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Pebbling is a solitaire game played on an undirected graph $G$ , where each vertex has zero or more pebbles. A single pebbling move consists of removing two pebbles from a vertex $v$ and adding one pebble to an arbitrary neighbor of $v$ . (Obviously, the vertex v must have at least two pebbles before the move.) The PebbleDestruction problem asks, given a graph $G = ( V; E )$ and a pebble count $p ( v )$ for each vertex $v$ , whether there is a sequence of pebbling moves that removes all but one pebble. Prove that PebbleDestruction is NP-complete.

First, I show that it is in NP since I can verify the solution in polynomial time, tracing back the pebble count from just one pebble.

Next, what are some ideas on which problems to use as the basis for a polynomial-time reduction?

Would something like vertex cover work? Or a vertex cover of different sizes?

If so, how can it handle the varying number of pebbles on each move?

Thank You.

From: http://courses.engr.illinois.edu/cs473/sp2011/hw/disc/disc_14.pdf

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    $\begingroup$ Is it that simple to show that the problem is in NP? Can't the number of moves be exponential on the input size? $\endgroup$ – Vinicius dos Santos May 5 '13 at 16:12
  • $\begingroup$ @ViniciusSantos, number of moves cannot be bigger than the number of pebbles (which is also part of the input). $\endgroup$ – user742 May 5 '13 at 20:38
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    $\begingroup$ But we can assume that the number of pebbles is in binary, right? In this case, the size of the input is logarithmic on the number of pebbles. I still think there is a short certificate for the problem but, as far as I understand, the list of moves is not one. $\endgroup$ – Vinicius dos Santos May 6 '13 at 3:22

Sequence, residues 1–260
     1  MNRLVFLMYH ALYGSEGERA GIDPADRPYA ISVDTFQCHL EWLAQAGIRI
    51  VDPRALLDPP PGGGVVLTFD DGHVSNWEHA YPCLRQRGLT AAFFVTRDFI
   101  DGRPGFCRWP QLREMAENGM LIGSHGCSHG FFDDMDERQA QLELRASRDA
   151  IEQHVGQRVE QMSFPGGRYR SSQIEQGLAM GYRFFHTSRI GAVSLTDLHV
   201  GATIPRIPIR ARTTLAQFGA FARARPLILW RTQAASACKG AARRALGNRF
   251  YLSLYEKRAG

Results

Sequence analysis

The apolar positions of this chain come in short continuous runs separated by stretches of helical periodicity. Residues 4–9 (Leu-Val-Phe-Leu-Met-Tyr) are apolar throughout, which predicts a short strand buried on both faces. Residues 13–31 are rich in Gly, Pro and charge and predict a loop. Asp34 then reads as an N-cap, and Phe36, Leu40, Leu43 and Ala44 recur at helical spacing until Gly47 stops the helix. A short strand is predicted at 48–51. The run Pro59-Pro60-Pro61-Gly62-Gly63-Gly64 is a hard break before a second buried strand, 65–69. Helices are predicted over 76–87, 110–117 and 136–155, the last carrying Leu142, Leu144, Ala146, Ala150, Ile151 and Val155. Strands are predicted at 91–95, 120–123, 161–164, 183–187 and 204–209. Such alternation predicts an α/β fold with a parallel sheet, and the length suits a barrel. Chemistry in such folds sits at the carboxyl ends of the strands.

• $\begingroup$ @ViniciusdosSantos, May be you did not notice that the whole graph is as input, on the other hand number of pebble for each vertex (p(v)) should be bounded by the size of graph, otherwise checking whether a sequence of moves is valid or not needs exponential. And I think is correct to suppose number of pebbles on each vertex is at most n. $\endgroup$ – user742 Jul 18 '13 at 14:28
  • $\begingroup$ I agree that if the number of pebbles on each vertex is polynomially bounded by the the size of the graph than it is trivially in NP. But I think this assumption is not necessary, although without it the proof gets harder. $\endgroup$ – Vinicius dos Santos Jul 18 '13 at 17:02
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Suppose in a graph $G$ there is one pebble on each vertex except one vertex $v$ with $p(v) = 2$, then above pebbling problem has solution on $G \space iff \space G$ has a Hamiltonian circuit. It's easy to check if there is a Hamiltonian circuit, then there is a solution for pebbling on $G$. On the other hand, in any solution to the pebbling, we should start from vertex $v$. Suppose that we visit some vertex $u$ twice such that this $u$ is the first vertex which visited twice in $G$ by pebbling algorithm, then we have a loop which starts from $u$ and ends in $u$ and finally because $u$ is the first for making loop then we have $p(u) = 1$ so we cannot continue pebbling algorithm. Indeed if the algorithm has a solution then we have $u=v$ which means we found a Hamiltonian circuit which starts in $v$.

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